The doctrine of the Trinity is the defining dogma of Christianity: “The grace of our Lord, Jesus Christ, the love of God, the communion of the Holy Spirit be with you all.” Nevertheless, the preservation and then the articulation of our trinitarian belief in the early Church was not a simple matter. On the contrary, it required thought, experience, and even courage because the doctrine was anti-pathetic to the thinking of the times—and not only to Jews, but also to pagans. They both had strong convictions about the absolute singleness and transcendence of God. Thus, the Nicene Creed back in the year A.D. 325 resounded like a battle cry. Still today, some of the phrases have a ring to them, resonating with the conflicts of a bygone age:
God from God, Light from Light, true God from True God, begotten, not made, consubstantial with the Father. . . .
There were even Christians did not wholeheartedly accept it, and not a few who vigorously rejected it. For one thing, the word “consubstantial” (òmoousios), adopted at the Council of Nicaea in 325 to describe the relationship between the Father and the Son, was regarded with suspicion because it is not found in the Bible; it even had some unpleasant connotations because of its use by non-Christians. Politically, too, the creed was strong stuff. The Roman emperor of the time—remember, we’re talking about the fourth century, 1,700 years ago—was the supreme ruler of the known world, and to give his reign divine authority he wanted a single supreme divine reality. The God he preferred was remote, inaccessible, mysterious in himself, and known to man only by absolute decrees that were to be followed blindly, whether or not one could understand them. You can see that this “God” was a projection of his own method of rule: absolute, arbitrary, and binding, with no possibility of redress. A Trinity was too “democratic” for his taste. Accepting one God, without division or distinction, was the best assurance of his unique and absolute powers.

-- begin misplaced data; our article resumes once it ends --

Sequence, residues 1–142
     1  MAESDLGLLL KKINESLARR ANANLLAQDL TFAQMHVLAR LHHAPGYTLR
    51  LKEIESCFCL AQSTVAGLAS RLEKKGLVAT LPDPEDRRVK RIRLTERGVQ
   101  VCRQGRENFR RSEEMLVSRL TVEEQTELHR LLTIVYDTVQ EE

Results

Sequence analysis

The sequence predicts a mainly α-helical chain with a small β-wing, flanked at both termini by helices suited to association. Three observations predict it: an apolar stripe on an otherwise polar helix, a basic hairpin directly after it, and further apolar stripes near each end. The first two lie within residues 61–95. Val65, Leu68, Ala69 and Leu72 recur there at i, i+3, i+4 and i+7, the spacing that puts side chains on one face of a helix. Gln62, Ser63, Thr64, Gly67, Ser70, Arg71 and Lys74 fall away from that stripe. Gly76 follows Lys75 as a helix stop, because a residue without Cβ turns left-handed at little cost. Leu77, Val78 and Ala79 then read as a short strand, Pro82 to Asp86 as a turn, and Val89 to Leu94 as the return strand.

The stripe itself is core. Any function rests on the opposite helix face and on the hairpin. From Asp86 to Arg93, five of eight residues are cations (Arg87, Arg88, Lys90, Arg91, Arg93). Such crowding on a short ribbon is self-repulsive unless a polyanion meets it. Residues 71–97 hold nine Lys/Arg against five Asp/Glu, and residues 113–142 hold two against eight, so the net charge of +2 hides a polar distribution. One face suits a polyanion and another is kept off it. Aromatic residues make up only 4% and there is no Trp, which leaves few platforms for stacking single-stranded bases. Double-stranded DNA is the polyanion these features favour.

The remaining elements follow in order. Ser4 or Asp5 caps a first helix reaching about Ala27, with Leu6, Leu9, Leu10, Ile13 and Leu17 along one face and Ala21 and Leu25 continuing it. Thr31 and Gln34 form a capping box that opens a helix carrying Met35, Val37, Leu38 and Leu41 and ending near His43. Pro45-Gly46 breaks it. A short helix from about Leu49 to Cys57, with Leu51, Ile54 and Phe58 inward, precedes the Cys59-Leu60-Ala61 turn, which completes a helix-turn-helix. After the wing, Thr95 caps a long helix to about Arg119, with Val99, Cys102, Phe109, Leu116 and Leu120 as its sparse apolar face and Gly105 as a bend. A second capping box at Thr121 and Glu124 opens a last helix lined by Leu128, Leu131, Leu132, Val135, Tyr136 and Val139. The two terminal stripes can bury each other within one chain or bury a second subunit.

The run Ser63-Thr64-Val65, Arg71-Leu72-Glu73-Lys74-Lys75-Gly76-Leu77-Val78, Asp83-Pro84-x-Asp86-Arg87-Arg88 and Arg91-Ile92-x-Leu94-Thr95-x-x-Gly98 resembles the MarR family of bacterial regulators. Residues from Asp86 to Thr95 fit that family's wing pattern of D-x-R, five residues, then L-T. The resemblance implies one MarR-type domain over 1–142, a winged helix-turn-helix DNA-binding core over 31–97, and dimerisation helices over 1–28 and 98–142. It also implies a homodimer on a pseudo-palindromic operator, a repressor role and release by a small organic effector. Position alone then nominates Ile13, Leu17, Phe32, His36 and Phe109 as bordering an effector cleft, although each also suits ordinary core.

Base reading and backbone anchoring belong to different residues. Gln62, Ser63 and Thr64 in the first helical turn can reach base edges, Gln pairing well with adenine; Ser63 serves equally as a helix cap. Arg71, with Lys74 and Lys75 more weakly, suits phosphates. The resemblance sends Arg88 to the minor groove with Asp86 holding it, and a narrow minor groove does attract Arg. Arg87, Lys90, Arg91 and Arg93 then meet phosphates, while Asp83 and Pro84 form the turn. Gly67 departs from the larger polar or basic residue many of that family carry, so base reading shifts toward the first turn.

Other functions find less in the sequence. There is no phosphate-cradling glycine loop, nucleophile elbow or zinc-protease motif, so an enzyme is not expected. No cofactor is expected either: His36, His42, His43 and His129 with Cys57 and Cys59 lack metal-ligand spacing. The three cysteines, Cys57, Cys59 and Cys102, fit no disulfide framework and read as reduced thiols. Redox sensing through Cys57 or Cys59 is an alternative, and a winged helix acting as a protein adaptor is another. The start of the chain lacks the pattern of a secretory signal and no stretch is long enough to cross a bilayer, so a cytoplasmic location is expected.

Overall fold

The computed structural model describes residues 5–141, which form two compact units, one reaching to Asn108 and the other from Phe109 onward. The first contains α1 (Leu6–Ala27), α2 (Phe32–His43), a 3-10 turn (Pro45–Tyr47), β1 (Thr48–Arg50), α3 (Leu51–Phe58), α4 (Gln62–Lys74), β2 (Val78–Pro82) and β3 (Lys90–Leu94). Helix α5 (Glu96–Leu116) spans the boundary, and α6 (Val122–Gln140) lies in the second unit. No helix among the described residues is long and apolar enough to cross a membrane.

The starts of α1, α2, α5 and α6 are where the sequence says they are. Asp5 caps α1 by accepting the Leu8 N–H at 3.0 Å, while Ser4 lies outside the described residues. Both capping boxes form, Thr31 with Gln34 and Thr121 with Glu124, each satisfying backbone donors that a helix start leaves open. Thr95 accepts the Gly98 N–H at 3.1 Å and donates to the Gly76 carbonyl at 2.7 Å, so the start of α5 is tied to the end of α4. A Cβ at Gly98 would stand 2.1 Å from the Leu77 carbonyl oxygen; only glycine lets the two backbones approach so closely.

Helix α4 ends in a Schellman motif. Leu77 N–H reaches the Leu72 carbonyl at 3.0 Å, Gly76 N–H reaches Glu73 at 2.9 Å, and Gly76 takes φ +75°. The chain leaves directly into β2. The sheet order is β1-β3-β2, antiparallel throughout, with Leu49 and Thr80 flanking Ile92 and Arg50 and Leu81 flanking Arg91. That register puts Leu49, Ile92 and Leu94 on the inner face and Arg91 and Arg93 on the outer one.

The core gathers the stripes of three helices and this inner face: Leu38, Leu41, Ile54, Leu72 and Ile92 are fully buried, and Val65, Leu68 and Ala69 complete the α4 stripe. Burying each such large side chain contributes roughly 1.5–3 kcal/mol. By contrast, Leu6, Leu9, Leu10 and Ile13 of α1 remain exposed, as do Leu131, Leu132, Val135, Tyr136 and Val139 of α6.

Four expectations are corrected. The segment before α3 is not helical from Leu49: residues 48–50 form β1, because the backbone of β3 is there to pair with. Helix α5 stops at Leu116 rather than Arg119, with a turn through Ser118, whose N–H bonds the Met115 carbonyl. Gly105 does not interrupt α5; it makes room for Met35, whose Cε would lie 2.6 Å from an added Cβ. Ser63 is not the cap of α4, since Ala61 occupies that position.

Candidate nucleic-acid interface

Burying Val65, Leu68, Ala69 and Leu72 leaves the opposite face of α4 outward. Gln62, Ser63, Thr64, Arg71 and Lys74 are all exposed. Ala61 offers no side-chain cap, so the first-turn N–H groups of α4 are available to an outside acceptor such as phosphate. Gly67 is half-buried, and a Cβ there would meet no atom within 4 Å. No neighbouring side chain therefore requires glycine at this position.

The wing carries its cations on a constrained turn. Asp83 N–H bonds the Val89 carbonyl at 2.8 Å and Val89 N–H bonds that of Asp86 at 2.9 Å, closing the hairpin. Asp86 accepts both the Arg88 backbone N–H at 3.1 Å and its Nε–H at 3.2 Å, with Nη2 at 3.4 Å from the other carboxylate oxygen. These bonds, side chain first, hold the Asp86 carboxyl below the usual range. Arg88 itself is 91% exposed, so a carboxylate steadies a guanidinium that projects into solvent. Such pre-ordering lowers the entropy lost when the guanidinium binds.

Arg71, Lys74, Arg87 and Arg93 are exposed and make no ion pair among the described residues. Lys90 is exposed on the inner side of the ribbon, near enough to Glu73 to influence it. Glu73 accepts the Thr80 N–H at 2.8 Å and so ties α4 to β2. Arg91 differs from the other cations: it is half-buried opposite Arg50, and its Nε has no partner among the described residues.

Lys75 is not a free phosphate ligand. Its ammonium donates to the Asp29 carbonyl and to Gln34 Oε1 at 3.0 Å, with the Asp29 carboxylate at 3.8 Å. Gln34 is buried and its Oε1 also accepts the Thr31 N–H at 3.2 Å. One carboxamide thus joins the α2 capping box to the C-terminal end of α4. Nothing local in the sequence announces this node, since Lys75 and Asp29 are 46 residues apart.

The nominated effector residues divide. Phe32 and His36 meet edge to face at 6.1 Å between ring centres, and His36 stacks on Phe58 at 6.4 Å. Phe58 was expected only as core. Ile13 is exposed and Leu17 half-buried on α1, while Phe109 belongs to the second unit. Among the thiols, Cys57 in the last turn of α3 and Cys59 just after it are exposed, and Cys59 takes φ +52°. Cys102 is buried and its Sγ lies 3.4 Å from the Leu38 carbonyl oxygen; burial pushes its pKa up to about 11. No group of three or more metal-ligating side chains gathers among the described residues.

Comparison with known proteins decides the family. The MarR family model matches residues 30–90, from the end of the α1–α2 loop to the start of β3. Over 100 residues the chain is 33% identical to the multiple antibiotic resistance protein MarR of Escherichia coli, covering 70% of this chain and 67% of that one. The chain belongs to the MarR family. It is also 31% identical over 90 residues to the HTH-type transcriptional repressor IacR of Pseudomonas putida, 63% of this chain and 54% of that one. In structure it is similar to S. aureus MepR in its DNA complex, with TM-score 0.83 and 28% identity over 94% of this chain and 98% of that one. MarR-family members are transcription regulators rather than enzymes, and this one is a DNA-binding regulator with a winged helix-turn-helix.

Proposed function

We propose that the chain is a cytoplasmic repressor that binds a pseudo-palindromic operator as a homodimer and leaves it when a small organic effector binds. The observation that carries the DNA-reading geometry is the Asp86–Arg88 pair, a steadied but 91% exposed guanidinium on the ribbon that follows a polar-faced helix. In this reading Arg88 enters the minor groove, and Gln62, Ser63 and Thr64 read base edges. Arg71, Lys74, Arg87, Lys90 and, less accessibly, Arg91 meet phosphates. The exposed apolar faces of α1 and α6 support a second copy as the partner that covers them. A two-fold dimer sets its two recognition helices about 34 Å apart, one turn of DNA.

The emperors after Nicaea, all Christians—of a sort, but of an Arian variety—persecuted their fellow Christians, especially those bishops who defended the doctrine homoousios (for not all did), such as Athanasius of Alexandria, Hillary of Potiers, Pope Liberius, and so on.
The debate was widespread, even affecting ordinary people, who were as enthusiastic for their side as any fan of the Maple Leafs or the Blue Jays today.
Saint Gregory Nazianzen described the situation in Constantinople:
Garment sellers, money changers, food vendors, they are all at it. If you ask for change, they philosophize about the begotten and the unbegotten. If you inquire about the price of bread, the answer is that the Father is greater and the Son inferior. If you say to the attendant, “Is my bath ready?” He tells you that the Son was made out of nothing.
Even at the Hippodrome, one rider would wear colours for Nicaea and other against. This bit of history highlights the role of the laity, the ordinary believers, like ourselves, who, as Cardinal Newman demonstrated were instrumental in preserving the traditional and authentic Catholic teaching at a time when many bishops failed to do so.
It’s of value to compare the past with the present. People are just as involved in religious and theological subjects as they were in the fourth century. But now, instead of theology, properly speaking, it’s social issues that are on everyone’s mind. As G K. Chesterton noted a century ago, “The next great heresy is going to be simply an attack on morality; and especially on sexual morality.” Buy a newspaper, and the vendor will have a strong opinion on separate schools; go to a restaurant and the waiter will tell you what to think about homophobia; pick up a newspaper or turn on the television and you will learn a new definition of chauvinism—not extreme patriotism, as it used to be, but the suppression of women. Or consider the numerous implications of the term “pro-choice.”
Our “emperors,” alias prime ministers and members of parliament, have eagerly embraced the new morality, to the point that they use the language of religion to describe their change in conviction, “conversion” would not be too strong a term: “Now I see,” “I’ve learned,” I’ve grown,” “I repent.” And with all the zeal of a convert, they now aggressively enforce the new order of things. There are bishops who have shown himself unafraid of being countercultural; it remains to be seen how the laity will conduct themselves because, ultimately, now as 1,700 years ago, it all depends on them, . . . i.e., on us.
 On Consulting the Laity in Matters of Doctrine.
 G. K.‘s Weekly, 19 June 1926.